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F5 Newt Collimation Concerns.


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I have a newt that I picked up a few months ago but haven't been able to use yet (cloud,:angryfire:), it's an F5 150mm A, 750mm F. I had a bigger newt that I didn't have problems collimating but this one I have been, I'm unsure if I've actually collimated it properly. I had read that the lower F number newts need to be more precise and are somewhat harder to collimate. Would appreciate some help.

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We don't know what you have done and what equipment you have to collimate it - a bit more information will help us to help you.

Meantime - this is one of the best guides I have seen for collimating a newt - follow every step in the correct order - miss nothing out and you will end up with a very well collimated scope.

 

 

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1 hour ago, Skipper Billy said:

Is it this one ???

No

 

1 hour ago, Skipper Billy said:

We don't know what you have done and what equipment you have to collimate it - a bit more information will help us to help you.

Meantime - this is one of the best guides I have seen for collimating a newt - follow every step in the correct order - miss nothing out and you will end up with a very well collimated scope.

 

 

I've tried collimating just like anyone else, I found a really good video and followed it. The collimation might be fine, I've just not had one this small before, to be fair it's only my second newt and I've only been doing the hobby a year next March. I own a HoTech laser that I used and a cheshire eye piece.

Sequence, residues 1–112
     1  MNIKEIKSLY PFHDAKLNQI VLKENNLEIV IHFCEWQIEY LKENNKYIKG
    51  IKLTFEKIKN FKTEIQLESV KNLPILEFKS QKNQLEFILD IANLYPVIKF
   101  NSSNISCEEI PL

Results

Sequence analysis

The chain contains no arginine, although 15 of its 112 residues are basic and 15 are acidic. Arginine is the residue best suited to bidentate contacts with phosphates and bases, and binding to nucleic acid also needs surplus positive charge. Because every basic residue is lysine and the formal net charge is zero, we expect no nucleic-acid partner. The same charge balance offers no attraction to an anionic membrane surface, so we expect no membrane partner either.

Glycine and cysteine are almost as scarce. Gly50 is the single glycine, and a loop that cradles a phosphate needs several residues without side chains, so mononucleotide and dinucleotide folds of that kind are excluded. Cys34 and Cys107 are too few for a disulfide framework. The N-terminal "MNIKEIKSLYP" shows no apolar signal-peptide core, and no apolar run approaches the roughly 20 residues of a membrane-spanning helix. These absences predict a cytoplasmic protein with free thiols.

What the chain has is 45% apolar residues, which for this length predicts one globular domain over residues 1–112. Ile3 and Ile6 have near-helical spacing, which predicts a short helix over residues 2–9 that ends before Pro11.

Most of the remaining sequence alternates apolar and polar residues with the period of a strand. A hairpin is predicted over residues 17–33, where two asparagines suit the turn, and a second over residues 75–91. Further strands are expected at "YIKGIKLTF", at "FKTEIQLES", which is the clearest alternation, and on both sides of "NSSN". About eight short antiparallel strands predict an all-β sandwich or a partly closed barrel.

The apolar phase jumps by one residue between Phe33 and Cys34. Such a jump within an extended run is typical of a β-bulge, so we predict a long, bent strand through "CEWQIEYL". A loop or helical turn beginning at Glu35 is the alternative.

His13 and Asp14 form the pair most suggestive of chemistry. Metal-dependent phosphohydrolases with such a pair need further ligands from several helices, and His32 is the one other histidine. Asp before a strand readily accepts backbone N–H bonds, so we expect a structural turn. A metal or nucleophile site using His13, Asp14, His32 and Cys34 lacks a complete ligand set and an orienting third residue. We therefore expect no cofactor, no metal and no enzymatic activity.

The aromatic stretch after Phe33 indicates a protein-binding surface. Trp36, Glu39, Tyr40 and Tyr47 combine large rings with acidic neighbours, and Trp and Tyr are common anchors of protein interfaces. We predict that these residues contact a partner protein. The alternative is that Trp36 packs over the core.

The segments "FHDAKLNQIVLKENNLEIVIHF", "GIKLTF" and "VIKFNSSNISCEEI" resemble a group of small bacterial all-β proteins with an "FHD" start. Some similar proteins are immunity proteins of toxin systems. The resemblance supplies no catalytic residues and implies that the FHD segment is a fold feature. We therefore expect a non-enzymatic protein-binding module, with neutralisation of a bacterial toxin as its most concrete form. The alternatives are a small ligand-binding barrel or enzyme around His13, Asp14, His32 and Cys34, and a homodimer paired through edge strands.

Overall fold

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22 minutes ago, Scream said:

Just wasn't sure if I had proper collimation. When I user the focus all the way in I can see the mirror if that makes sense? The spider vanes etc.

That's pretty normal when you are far out-of-focus.  Can you get it to focus OK?

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37 minutes ago, Pixies said:

That's pretty normal when you are far out-of-focus.  Can you get it to focus OK?

I've not been able to try because when it hasn't been cloudy I have been busy and when I'm not it is cloudy. Can I test it indoors some how?

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12 hours ago, Scream said:

Can I test it indoors some how?

That's what your cheshire is for. Put the cheshire in the focuser and adjust the focuser so that you can

  1. compare the positioning of the secondary to the edge of the cheshire. Is the secondary centred and circular?
  2. compare the location of the crosshair to the doughnut on the primary and the shadow of the eye hole in the cheshire. All three should align.

If you can get a photo of the colimation through the cheshire we may be able to advise you about collimation. 

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My skywatcher Explorer 150P is an 750mm F5. To be honest I was worried about collimation. However with a Cheshire collimator it was painless. The most difficult being getting the secondary aligned under the focusser. That done the rest is simple . Personally I found laser hopeless as it wasn't aligned itself and doesn't help with that first step of centering the secondary. 

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12 hours ago, Ricochet said:

That's what your cheshire is for. Put the cheshire in the focuser and adjust the focuser so that you can

  1. compare the positioning of the secondary to the edge of the cheshire. Is the secondary centred and circular?
  2. compare the location of the crosshair to the doughnut on the primary and the shadow of the eye hole in the cheshire. All three should align.

If you can get a photo of the colimation through the cheshire we may be able to advise you about collimation. 

I'll have to do it do tomorrow. I'm pretty sure I absolutely messed the collimation up, The secondary mirror from the bottom of the scope looks too far over as there is a gap on one side and the other side no gap so no perfect gap around the cell. If It's totally f*£ked then I'll have to take the cell out and lock it back in and then start again.

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